Researchers tackle the curliest of horse questions

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Phenotype of curly horses. Curly horses present curly haired coat (a) and ear (b). Tail (c) and mane (d) present phenotypes ranging from curly to wavy hairs and can resemble dreadlocks. The coat phenotype is associated with various degrees of curliness, ranging from slightly curled (e) and curled (f) up to extremely dense “micro curled” (g) hairs. Photos: International Curly Horse Association, with permission of Dr Mitch Wilkinson and Bunny Reveglia (see http://www.ichocurlyhorses.com/ and http://ichophotos.weebly.com)
The phenotype of curly horses. Curly horses present curly haired coat (a) and ear (b). Tail (c) and mane (d) present phenotypes ranging from curly to wavy hairs and can resemble dreadlocks. The coat phenotype is associated with various degrees of curliness, ranging from slightly curled (e) and curled (f) up to extremely dense “micro curled” (g) hairs. © International Curly Horse Association, with permission of Dr Mitch Wilkinson and Bunny Reveglia

What is the genetic origin of the curly coats seen in some horses? Researchers in France have carried out a genetic study in a bid to answer the question.

Curly horses can display various degrees of curliness in their coat, mane, tail and ear hairs. It can range from minimal scattered curled hair up to an extremely dense “micro curled” permanent coat as observed in certain Missouri Fox Trotter lines.

© International Curly Horse Association

Their origin is still a matter of debate and several genetic theories have been proposed to explain this, according to Laurent Schibler and his colleagues, writing in the journal Genetic Selection Evolution.

The study team set out to map the location of the dominant curly hair gene and to identify the genetic variant that causes it.

They found that a minor mutation in the keratin 25 gene is associated with the dominant curly hair coat trait in horses.

DNA from 51 curly and 19 straight-haired French and North American horses from 13 paternal families were investigated in the study.

A single strong signal was observed on equine chromosome 11, in a region that encompasses the type I keratin gene cluster. They zeroed in on a segment including 36 genes, which included 10 keratin genes (these are genes that provide instructions for making proteins called keratins, which are key elements in hair and skin).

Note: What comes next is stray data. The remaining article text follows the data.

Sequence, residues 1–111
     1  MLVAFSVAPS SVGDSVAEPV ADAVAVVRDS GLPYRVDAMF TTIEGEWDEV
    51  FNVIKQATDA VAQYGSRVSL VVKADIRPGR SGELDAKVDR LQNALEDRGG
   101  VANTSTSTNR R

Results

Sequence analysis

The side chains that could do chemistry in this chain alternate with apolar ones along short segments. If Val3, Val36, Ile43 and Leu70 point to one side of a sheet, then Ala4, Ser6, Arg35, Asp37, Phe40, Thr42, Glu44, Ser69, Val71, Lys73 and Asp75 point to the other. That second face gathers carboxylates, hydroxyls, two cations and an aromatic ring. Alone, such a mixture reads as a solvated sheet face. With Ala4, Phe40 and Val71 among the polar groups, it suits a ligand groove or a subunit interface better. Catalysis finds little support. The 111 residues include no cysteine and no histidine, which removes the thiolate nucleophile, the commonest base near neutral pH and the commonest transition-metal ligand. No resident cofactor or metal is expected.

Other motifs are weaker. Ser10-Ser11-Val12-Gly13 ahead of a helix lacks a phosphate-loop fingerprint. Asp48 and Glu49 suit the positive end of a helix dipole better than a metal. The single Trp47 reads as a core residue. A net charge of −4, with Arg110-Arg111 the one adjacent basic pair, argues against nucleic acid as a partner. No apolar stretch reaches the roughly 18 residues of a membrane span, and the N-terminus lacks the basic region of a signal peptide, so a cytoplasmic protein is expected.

To comprehensively identify candidate variants within these genes, further genetic research was undertaken, with one variant in the KRT25 gene standing out.

This was confirmed by testing a larger population of 353 horses, pinpointing the KRT25:p.R89H variant as responsible for the dominant curly trait.

However, five curly horses were observed which carried neither the variant nor the main haplotype associated with curliness.

“Sequencing of KRT25 for two discordant horses did not identify any other deleterious variant,” the researchers reported.

“A second dominant locus [location] may also be involved in the shape of hairs within North American Curly horses,” they said.

© International Curly Horse Association

The study team comprised Schibler, Caroline Morgenthaler, Mathieu Diribarne, Aurélien Capitan, Rachel Legendre, Romain Saintilan and Maïlys Gilles, all with the University of Paris-Saclay; Diane Esquerré, with the Cell Genetics Laboratory within the science agency INRA; and Rytis Juras, Anas Khanshour and Gus Cothran, from Texas A&M University.

A missense variant in the coil1A domain of the keratin 25 gene is associated with the dominant curly hair coat trait (Crd) in horse
Caroline Morgenthaler, Mathieu Diribarne, Aurélien Capitan, Rachel Legendre, Romain Saintilan, Maïlys Gilles, Diane Esquerré, Rytis Juras, Anas Khanshour, Laurent Schibler and Gus Cothran
Genetics Selection Evolution 2017 49:85 https://doi.org/10.1186/s12711-017-0359-5

The study, published under a Creative Commons License, can be read here

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